JOHN Keats was born on 31 October, 1795. He died in 1821 at the age of just 25. To celebrate his birthday we run an extract from his great poem,”Sleep and Poetry”. Poor, poor Keats!
As I lay in my bed slepe full unmete
Was unto me, but why that I ne might
Rest I ne wist, for there n’as erthly wight
[As I suppose] had more of hertis ese
Than I, for I n’ad sicknesse nor disese.
WHAT is more gentle than a wind in summer?
What is more soothing than the pretty hummer
That stays one moment in an open flower,
And buzzes cheerily from bower to bower?
What is more tranquil than a musk-rose blowing
In a green island, far from all men’s knowing?
More healthful than the leafiness of dales?
More secret than a nest of nightingales?
More serene than Cordelia’s countenance?
More full of visions than a high romance?
What, but thee Sleep? Soft closer of our eyes!
Low murmurer of tender lullabies!
Light hoverer around our happy pillows!
Wreather of poppy buds, and weeping willows!
Silent entangler of a beauty’s tresses!
Most happy listener! when the morning blesses
Thee for enlivening all the cheerful eyes
That glance so brightly at the new sun-rise.
But what is higher beyond thought than thee?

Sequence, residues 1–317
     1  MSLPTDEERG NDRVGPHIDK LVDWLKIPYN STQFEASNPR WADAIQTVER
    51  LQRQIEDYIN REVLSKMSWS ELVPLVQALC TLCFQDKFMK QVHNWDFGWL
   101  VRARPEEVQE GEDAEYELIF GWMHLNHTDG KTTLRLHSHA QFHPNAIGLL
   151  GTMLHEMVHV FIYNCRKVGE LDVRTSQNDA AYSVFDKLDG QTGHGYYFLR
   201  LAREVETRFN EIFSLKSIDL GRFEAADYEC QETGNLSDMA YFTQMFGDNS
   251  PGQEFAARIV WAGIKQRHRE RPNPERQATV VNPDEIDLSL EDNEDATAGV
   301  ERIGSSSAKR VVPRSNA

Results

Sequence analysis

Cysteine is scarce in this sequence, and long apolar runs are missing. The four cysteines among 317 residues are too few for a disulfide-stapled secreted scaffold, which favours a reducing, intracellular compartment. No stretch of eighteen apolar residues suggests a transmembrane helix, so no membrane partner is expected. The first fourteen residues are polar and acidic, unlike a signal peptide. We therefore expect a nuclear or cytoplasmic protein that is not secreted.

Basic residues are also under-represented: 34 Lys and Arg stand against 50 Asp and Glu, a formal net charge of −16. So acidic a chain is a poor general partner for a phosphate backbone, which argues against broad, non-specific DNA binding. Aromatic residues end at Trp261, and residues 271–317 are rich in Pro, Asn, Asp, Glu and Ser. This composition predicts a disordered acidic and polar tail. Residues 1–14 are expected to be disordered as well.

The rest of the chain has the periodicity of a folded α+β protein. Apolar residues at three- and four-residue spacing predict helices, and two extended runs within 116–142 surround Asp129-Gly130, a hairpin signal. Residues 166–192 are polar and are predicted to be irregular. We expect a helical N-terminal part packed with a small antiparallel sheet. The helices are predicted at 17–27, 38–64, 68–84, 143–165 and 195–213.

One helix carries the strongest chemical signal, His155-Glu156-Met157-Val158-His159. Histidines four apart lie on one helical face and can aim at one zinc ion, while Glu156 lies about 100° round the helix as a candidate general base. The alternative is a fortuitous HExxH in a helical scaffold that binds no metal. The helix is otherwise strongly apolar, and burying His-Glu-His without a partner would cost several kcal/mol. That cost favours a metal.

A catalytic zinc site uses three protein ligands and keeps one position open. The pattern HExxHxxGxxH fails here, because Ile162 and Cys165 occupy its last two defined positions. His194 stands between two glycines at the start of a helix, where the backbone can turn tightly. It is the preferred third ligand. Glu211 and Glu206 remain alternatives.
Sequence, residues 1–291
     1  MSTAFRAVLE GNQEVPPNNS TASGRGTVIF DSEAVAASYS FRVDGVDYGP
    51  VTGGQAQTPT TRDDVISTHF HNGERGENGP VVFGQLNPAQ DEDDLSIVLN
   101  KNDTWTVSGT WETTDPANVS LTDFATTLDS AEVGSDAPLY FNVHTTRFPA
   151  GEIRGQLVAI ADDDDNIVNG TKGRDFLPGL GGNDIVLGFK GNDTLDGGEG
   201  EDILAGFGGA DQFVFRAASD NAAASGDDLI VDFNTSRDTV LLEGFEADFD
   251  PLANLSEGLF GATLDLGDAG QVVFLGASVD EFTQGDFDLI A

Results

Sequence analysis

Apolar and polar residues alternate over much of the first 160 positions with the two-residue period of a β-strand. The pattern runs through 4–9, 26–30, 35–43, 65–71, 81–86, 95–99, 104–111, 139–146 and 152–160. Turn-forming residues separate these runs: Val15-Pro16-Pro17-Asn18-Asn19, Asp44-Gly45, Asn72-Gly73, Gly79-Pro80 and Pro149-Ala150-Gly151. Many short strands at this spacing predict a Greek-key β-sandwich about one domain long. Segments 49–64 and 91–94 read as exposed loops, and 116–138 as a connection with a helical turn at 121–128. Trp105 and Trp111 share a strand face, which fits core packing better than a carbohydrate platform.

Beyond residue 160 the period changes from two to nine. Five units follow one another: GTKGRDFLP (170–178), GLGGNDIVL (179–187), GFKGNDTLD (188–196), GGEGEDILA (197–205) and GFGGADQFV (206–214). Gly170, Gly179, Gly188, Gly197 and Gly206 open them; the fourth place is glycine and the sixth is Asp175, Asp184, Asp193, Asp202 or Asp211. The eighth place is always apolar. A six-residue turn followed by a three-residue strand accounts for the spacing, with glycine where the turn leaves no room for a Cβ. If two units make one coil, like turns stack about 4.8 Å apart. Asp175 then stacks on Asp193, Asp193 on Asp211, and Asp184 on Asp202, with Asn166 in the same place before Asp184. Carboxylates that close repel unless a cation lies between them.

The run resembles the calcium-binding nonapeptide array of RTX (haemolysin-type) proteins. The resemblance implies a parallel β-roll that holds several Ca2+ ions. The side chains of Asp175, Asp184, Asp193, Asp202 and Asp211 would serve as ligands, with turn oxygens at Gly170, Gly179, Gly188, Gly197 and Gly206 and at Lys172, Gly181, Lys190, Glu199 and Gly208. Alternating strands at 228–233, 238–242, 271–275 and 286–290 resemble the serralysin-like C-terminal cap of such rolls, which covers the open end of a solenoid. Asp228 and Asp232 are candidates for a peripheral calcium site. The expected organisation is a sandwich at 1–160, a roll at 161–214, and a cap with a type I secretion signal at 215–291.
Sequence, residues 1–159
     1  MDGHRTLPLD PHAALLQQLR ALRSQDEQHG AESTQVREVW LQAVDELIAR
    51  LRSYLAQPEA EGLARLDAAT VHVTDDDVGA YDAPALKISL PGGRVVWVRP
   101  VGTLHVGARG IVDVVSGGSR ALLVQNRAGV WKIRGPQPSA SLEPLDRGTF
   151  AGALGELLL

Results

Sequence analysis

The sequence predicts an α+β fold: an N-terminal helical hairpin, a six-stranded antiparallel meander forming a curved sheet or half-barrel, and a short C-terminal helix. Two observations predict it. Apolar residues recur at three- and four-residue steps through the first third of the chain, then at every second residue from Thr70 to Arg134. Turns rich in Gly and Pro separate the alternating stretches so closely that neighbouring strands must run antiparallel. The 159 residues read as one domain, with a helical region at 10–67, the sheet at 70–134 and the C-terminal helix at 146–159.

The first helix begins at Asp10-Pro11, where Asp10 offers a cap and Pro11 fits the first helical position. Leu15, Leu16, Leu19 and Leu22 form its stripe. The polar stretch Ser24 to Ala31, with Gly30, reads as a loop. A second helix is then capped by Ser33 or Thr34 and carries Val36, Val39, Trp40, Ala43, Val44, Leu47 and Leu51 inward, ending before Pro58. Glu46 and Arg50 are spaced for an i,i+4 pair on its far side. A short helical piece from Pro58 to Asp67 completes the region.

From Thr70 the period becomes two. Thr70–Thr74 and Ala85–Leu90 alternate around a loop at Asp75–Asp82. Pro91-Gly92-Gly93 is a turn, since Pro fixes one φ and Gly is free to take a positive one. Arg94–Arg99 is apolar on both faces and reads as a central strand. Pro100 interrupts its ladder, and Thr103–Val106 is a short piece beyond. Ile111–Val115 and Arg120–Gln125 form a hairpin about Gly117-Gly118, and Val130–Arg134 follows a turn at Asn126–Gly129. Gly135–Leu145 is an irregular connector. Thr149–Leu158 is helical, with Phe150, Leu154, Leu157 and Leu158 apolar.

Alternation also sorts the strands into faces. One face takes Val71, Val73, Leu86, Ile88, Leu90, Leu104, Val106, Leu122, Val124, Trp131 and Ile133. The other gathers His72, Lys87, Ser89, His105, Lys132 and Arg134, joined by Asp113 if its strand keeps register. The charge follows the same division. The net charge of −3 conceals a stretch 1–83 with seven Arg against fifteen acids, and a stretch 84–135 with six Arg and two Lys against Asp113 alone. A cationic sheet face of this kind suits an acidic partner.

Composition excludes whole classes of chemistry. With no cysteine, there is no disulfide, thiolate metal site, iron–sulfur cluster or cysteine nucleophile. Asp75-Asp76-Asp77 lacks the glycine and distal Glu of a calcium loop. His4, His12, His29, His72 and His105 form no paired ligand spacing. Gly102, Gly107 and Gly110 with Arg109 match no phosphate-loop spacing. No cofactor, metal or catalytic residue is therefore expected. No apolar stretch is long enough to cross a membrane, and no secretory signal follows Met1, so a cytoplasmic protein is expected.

Fresher than berries of a mountain tree?
More strange, more beautiful, more smooth, more regal,
Than wings of swans, than doves, than dim-seen eagle?
What is it? And to what shall I compare it?
It has a glory, and nought else can share it:
The thought thereof is awful, sweet, and holy,
Chacing away all worldliness and folly;
Coming sometimes like fearful claps of thunder,
Or the low rumblings earth’s regions under;
And sometimes like a gentle whispering
Of all the secrets of some wond’rous thing
That breathes about us in the vacant air;
So that we look around with prying stare,
Perhaps to see shapes of light, aerial lymning,
And catch soft floatings from a faint-heard hymning;
To see the laurel wreath, on high suspended,
That is to crown our name when life is ended.
Sometimes it gives a glory to the voice,
And from the heart up-springs, rejoice! rejoice!
Sounds which will reach the Framer of all things,
And die away in ardent mutterings.
No one who once the glorious sun has seen,
And all the clouds, and felt his bosom clean
For his great Maker’s presence, but must know
What ’tis I mean, and feel his being glow:
Therefore no insult will I give his spirit
By telling what he sees from native merit.